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Yeah, that cross looks and sounds really cool. I have been thinking of doing a wild bird or tepin x Naga or Trinidad super hot cross, so it's cool being able to see what they might end up looking like. The wild bird definitely tends to have a dwarfing effect. Years ago, someone posted pictures of the pods from the pods of what I think may have been chiltepin x Carolina Reaper cross. They looked slightly smaller than a grape, and had a really weird, twisted and balled-up look to them. I think I may have saved the pictures that were posted somewhere.
 
I'm a big fan of Pimenta De neyde crosses as well. They bring in the possibility of black and or purple fruit, annuum genes, and of course... purple flowers! 
 
Going deeper into this, a cross with those annuum genes already present may be able to cross more easily with other annuum varieties as the plant can be considered a bridge plant in that regard.
 
We see the same thing with GreenLeaf Tabasco which is a Capsicum frutescens crossed back and forth with C. chinense.
 
Interestingly enough, C. chinense 'UFO' or C. annuum 'UFO'... has an interesting history as well. Discovered at a local nursery in Florida, some suspect the UFO of being an interspecific hybrid as it was originally sold as C. chinense at that nursery. The true history of the UFO will perhaps always be a mystery, but I've also heard some rumors of others using it in interspecific hybrids. 
 
Whatever the case, I am a fan of bringing in more purple flower genes, etc. from annuum into the C. chinense, but is it truly needed?
 
For me, I have a few very dark black phenotype with dark purple flowers I am working on, but I also know I'm not the only one and flowers on C. chinense that have purple in them can have anywhere from a simple line of purple running down the middle of each petal to full on dark purple covering the entire back side of the flower and so much more. It is all very exciting to me and that purple black is something I will continue to work with in my garden. 
 
Interestingly, I am growing two PDN crosses this year (7JPN and Sepia Reaper x PDN). Neither have purple flowers.
 
I'm also growing a PDN, but one of the Sepia Reaper x PDN plants actually has darker leaves than the PDN. So weird.
 
Two varieties I didn't expect to have purple flowers have them: Primo x Purple Bhut and Naga Smooky Rainbow. Not sure what the parents are for the Naga Smooky, but the shape and texture of the leaves makes it look like there's some C. annuum in there.
 
Pollen Nut, you may want to look into Fatalli Seeds' Purple Bhut if you want purple flowers without C. annuum genes.
 
stringer said:
Interestingly, I am growing two PDN crosses this year (7JPN and Sepia Reaper x PDN). Neither have purple flowers.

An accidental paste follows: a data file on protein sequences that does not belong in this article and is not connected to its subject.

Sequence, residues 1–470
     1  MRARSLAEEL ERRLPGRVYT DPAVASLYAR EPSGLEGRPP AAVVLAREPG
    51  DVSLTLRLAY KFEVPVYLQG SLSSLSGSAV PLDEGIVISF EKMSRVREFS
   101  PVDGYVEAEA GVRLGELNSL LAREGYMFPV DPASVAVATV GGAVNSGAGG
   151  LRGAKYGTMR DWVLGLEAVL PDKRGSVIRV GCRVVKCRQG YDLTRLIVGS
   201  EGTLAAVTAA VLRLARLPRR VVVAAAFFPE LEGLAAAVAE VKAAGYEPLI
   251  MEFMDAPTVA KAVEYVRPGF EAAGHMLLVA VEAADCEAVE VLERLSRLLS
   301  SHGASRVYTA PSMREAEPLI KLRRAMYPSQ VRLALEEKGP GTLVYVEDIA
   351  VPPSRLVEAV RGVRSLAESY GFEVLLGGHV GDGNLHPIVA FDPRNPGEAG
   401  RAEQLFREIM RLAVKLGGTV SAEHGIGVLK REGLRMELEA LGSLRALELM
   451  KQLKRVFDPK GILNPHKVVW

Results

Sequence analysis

I'm also growing a PDN, but one of the Sepia Reaper x PDN plants actually has darker leaves than the PDN. So weird.
 
Two varieties I didn't expect to have purple flowers have them: Primo x Purple Bhut and Naga Smooky Rainbow. Not sure what the parents are for the Naga Smooky, but the shape and texture of the leaves makes it look like there's some C. annuum in there.
 
Pollen Nut, you may want to look into Fatalli Seeds' Purple Bhut if you want purple flowers without C. annuum genes.
not weird at all... simply genetics. It is like variegation... you can cross a non-variegate to a variegate and get zero variegation in the f1, it is the f2 that you can select out the trait again however and that is where you can also lose it for the first time.
 
Another thing to consider, we aren't growing clones of other plants when we grow pepper seeds. We are growing just one possible combination out of many... even if the differences are subtle... there can be differences unless one is claiming to have a totally homozygous and true breeding pepper with zero heterozygous genes.
 
I've seen many crosses that are the result of insects... take the famous Wartryx for example. Wartryx is said to have C. baccatum genes, but then the cross was done at least in part by insects so who really knows for certain what is in that one. 
 
The truth is, many crosses are best guesses at what the insects might have done and we try to figure out the truth of the matter after we see the progeny.
 
Still, some crosses aren't really crosses necessarily at all, but rather off-phenotype expressions that we see as more seedlings are grown out. That is code of course for not true breeding yet....
 
Wow haven't had the luck of insect crossing Jeje
Well really don't know as I use to grow the same parentals from clone always from S1 seeds just to be sure.
I think mhpb or purple bhut has some annum on their gen pool, very prolific and cool resistant and keeps the nuclear bhut taste but I can noticed a little bit inferior heat compared to brown or red bhut.
I'm growing also some PDN hybrids and no purple/pink flower neither but I'm sure some purp notes could be achieved Jeje at least these are my hopes on the Pdn projects
 
Just a quick comment, but either for crosses or just to try: the Aji Painapple (Aji Pineapple x Butch T Scorpion) is of note in this thread. Speaking of which, if anyone has or knows of where I could get seeds for that variety, I'd be interested.